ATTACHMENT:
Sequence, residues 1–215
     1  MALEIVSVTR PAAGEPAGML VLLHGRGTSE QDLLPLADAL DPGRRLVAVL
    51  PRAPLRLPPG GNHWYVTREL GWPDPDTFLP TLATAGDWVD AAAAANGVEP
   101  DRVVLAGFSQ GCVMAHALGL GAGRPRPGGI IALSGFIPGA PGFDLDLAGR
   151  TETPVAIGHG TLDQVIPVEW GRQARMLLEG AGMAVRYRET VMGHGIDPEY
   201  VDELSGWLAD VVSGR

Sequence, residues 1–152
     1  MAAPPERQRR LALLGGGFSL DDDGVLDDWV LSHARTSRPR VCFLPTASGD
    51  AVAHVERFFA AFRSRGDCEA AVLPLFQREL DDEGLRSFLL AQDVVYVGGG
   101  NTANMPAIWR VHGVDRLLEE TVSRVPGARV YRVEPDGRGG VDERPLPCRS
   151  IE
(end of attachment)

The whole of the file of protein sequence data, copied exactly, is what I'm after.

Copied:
Sequence, residues 1–215
     1  MALEIVSVTR PAAGEPAGML VLLHGRGTSE QDLLPLADAL DPGRRLVAVL
    51  PRAPLRLPPG GNHWYVTREL GWPDPDTFLP TLATAGDWVD AAAAANGVEP
   101  DRVVLAGFSQ GCVMAHALGL GAGRPRPGGI IALSGFIPGA PGFDLDLAGR
   151  TETPVAIGHG TLDQVIPVEW GRQARMLLEG AGMAVRYRET VMGHGIDPEY
   201  VDELSGWLAD VVSGR

Sequence, residues 1–152
     1  MAAPPERQRR LALLGGGFSL DDDGVLDDWV LSHARTSRPR VCFLPTASGD
    51  AVAHVERFFA AFRSRGDCEA AVLPLFQREL DDEGLRSFLL AQDVVYVGGG
   101  NTANMPAIWR VHGVDRLLEE TVSRVPGARV YRVEPDGRGG VDERPLPCRS
   151  IE